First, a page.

My first trip to the Old Fort.

Trip Start Jan 08, 2014
Trip End Apr 09, 2014

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Where I stayed
Galle Centre Home.
What I did
Harbour, Old Gate.

Flag of Sri Lanka  , Southern,
Wednesday, February 19, 2014

I had settled myself into my wonderful digs and decided it was time to get straight off and explore which is just what I did.  As I mentioned before, the Fort was going to be the first port of call and I knew where it was.  To be honest, it is hard to miss it as it is pretty large.  This next section is going to be a bit split up as I want to share some of the many images I took over the next few days.  I'll try to do them chronologically and intersperse them with my various VT tips for the benefit of those who do not read my VT pages (and why should you?). 

I wandered past the harbour, passing the beadcart on the way and completely failed to see something rather interesting which I shall tell you about later.  These breadcarts are brilliant although they do have the most annoying tunes which they play incessantly in the manner of an ice-cream van in the UK only at a volume that would shame Sammy Hagar.  I swear that if you put them in a thrash metal music festival they would drown out the band playing the 50K rig onstage.  Talk about piercing!  You certainly won't miss them if you need your daily bread.  Having attempted to regain the sense of hearing, I wandered on to the "old" gate and here our tour begins.

I have been doing quite a bit of research whilst compiling my Virtual Tourist tips and have found it fascinating as I always do.  Again, apologies for the duplication to those that read both the sites I contribute to but I realise there may be the odd "lost soul" that stumbles onto this blog by accident.  Welcome, friend!  Here is what I learned about the "old" gate to start with.

"The rather imposing entrance to the Fort area you see here is known as
the Old Gate and dates back to the 17th century, of which more later,
and until 1897 was the only entrance into the fortifications. As the
images show, it is slightly shabby looking on the outside and rather
better looking on the inside where massive refurbishment has obviously
taken place. I would have thought that on the principle that you never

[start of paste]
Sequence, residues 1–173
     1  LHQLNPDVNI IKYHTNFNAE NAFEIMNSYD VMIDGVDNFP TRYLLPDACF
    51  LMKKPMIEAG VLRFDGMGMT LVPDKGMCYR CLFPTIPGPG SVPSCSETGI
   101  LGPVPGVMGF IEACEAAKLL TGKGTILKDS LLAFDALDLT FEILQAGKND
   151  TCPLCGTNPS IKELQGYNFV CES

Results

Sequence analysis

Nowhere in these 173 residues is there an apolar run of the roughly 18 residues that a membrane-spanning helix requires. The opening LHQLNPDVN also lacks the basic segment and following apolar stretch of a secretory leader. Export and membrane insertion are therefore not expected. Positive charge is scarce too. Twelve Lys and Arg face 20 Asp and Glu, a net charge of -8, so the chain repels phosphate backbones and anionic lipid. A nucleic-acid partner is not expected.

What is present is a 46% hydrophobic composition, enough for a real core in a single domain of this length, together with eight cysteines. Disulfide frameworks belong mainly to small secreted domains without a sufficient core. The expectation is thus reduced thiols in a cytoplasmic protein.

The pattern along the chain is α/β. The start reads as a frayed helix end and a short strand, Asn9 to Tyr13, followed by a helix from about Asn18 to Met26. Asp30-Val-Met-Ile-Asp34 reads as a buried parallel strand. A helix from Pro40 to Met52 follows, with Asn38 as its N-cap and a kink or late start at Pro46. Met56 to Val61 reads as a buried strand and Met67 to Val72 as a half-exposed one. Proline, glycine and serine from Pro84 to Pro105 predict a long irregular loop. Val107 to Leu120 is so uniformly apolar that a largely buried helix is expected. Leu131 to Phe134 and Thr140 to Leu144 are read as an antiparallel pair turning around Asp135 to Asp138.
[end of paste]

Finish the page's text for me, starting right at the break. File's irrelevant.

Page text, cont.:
get a second chance to make a first impression that a little work on the
outside might have been an idea.

Apparently it had a portcullis
and was a second line of defence to the moat which the Portuguese had
built previously and the Dutch then reinforced. There is no evidence of
the portcullis now but walking through it (watch the traffic as there is
no footpath (sidewalk)) you can appreciate just how thick these
defences were.

Here then lies the mystery and if anyone can clear
it up I would be most grateful and amend this tip with due
aknowledgement. My best efforts on the internet have failed to bring a

I know that in the colonial history of Sri Lanka the
British came after the Dutch so why does the British coat of arms on the
exterior bear the date 1668 whilst that of the V.O.C. (Dutch East
Indies Company) on the interior wall bear a date a year later, if my
schoolboy Latin numbering system does not desert me. Answers on a
postcard please!

Update 11/02/2014

Well, it is no longer a mystery! Thanks to the excellent internet research of VT member alza, who directed me to this wonderful blog,
all becomes clear. The 1668 date on the outside of the gate was
apparently put there by the Dutch and when the British took over they
were too gentlemanly to remove it but rather put their own royal coat of
arms above it, so now I know!

So, all that new knowledge (subsequently gained obviously) and we have just got through the gate!
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